Where is your data legally stored?
Just finding where Microsoft actually has its datacenters is a real challenge.
Teams operates across the world, and across jurisdictions with different standards for how data should be handled. If you want to see where your individual data is physically held, you can visit the Microsoft 365 admin centre, then click Settings > Organization profile, and scroll down to Data location.
Microsoft is utilizing following security measures: 24/7 monitoring of the datacenters, multi-factor authentication including biometric scanning for datacenter access, separation of the internal datacenter network from the external network. Faulty drives and hardware are demagnetized and destroyed.
Can you defend against this?
Regardless of whether you are an individual user or the owner of a team, there are many privacy settings you can go over for peace of mind. For example, you can go into your Windows 10 settings and block the app from accessing your camera and microphone (you’ll need to enable permissions again once you’re actively participating in a meeting, of course).
One of the first things many people do on WhatsApp is to turn off read receipts, so they don’t feel pressured into responding to personal chat messages as soon as they see them. You can do this in Teams, too: go to Settings > Privacy and untoggled the “Read receipts” radio button for some peace of mind and space to think.
Another solution is to also open the app’s settings and block your contacts, disable read receipts, and much more.
You can also ask your employer or HR department for details on whether and how they accept this data. Currently, most people in smaller companies don’t have to deal with such topics, but it’s possible that the situation will change in the future.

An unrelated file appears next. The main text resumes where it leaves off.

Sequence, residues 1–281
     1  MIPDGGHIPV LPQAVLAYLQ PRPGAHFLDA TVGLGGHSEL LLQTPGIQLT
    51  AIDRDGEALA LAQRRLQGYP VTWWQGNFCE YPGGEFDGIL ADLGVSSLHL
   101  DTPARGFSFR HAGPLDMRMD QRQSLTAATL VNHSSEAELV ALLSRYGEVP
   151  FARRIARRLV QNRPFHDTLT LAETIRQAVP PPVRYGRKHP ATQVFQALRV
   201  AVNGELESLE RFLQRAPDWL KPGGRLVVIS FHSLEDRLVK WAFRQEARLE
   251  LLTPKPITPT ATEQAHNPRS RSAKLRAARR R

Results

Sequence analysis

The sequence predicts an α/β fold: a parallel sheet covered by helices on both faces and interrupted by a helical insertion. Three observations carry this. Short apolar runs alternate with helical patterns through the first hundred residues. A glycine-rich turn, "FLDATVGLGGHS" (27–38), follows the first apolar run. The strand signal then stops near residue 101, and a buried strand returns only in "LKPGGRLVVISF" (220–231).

The Difference Between Spying and Recording Activities
Taken into account the current context, the Work-From-Home system is a reality we must adapt to. Employers have the right to track your work-related activities during working hours.
But they’re not entitled to use Teams, access your microphone and camera or use other means to check what you’re doing outside working hours. That’s called spying.
The organizations indeed have accessibility to the chat and dialogue. On the other hand, Microsoft Teams do not monitor private audio calls.
Examples of what your employer can see about you
Forbes shared some of the data points employers can see about individual workers
- Days sent email: Number of days the user sent an email in the last 28 days.
- Days used Teams chat: Number of days the user sent a chat message on Microsoft Teams in the last 28 days.
- Days in Outlook (desktop): Number of days the person was active on Outlook in the desktop platform.
- Days in Outlook (web): Number of days the person was active on Outlook in the web platform.
- Days in Outlook (mobile): Number of days the person was active on Outlook in the mobile platform.
- Days read content: Number of days the user has accessed content (files of type Microsoft Word/Excel/PowerPoint/OneNote or PDF) on OneDrive or SharePoint in the last 28 days..
- Days created content: Number of days the user has created, modified, or uploaded content (files of type Microsoft Word/Excel/PowerPoint/OneNote or PDF) on OneDrive or SharePoint in the last 28 days.
- OneDrive: Boolean value indicating if the person had access to OneDrive for at least 1 of the last 28 days.
- SharePoint: Boolean value indicating if the person had access to SharePoint for at least 1 of the last 28 days.
- Meetings attended: Number of online Microsoft Teams meetings in the last 28 days
Billion Dollar Surveillance
The market for employee performance tracking has been growing rapidly in recent years. Many startup companies are taking advantage of it. By 2023, the sector could grow to four billion dollars globally. It is currently worth about half that, according to analyst firm Market Research Future. Particularly in the wake of the pandemic, when many companies have had to agree to mandatory home offices, such tools are becoming increasingly popular.
More than a million companies worldwide use Microsoft 365, with more than 650,000 in the United States alone.